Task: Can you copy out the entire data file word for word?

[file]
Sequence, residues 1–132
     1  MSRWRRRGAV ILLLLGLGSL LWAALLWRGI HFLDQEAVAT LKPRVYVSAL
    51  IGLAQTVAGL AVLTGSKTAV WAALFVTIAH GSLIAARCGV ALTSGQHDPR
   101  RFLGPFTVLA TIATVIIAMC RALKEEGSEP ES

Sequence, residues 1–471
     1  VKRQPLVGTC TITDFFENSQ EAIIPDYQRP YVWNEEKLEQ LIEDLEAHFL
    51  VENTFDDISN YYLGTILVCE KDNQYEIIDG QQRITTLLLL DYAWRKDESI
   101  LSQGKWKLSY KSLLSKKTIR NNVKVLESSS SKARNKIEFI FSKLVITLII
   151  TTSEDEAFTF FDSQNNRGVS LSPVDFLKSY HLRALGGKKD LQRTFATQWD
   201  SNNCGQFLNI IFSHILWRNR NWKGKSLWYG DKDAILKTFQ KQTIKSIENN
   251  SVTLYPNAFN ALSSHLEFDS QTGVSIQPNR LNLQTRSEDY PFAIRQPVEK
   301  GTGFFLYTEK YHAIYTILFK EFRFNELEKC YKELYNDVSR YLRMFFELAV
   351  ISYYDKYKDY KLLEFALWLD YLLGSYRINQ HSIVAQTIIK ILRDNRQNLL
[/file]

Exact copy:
Sequence, residues 1–132
     1  MSRWRRRGAV ILLLLGLGSL LWAALLWRGI HFLDQEAVAT LKPRVYVSAL
    51  IGLAQTVAGL AVLTGSKTAV WAALFVTIAH GSLIAARCGV ALTSGQHDPR
   101  RFLGPFTVLA TIATVIIAMC RALKEEGSEP ES

Sequence, residues 1–471
     1  VKRQPLVGTC TITDFFENSQ EAIIPDYQRP YVWNEEKLEQ LIEDLEAHFL
    51  VENTFDDISN YYLGTILVCE KDNQYEIIDG QQRITTLLLL DYAWRKDESI
   101  LSQGKWKLSY KSLLSKKTIR NNVKVLESSS SKARNKIEFI FSKLVITLII
   151  TTSEDEAFTF FDSQNNRGVS LSPVDFLKSY HLRALGGKKD LQRTFATQWD
   201  SNNCGQFLNI IFSHILWRNR NWKGKSLWYG DKDAILKTFQ KQTIKSIENN
   251  SVTLYPNAFN ALSSHLEFDS QTGVSIQPNR LNLQTRSEDY PFAIRQPVEK
   301  GTGFFLYTEK YHAIYTILFK EFRFNELEKC YKELYNDVSR YLRMFFELAV
   351  ISYYDKYKDY KLLEFALWLD YLLGSYRINQ HSIVAQTIIK ILRDNRQNLL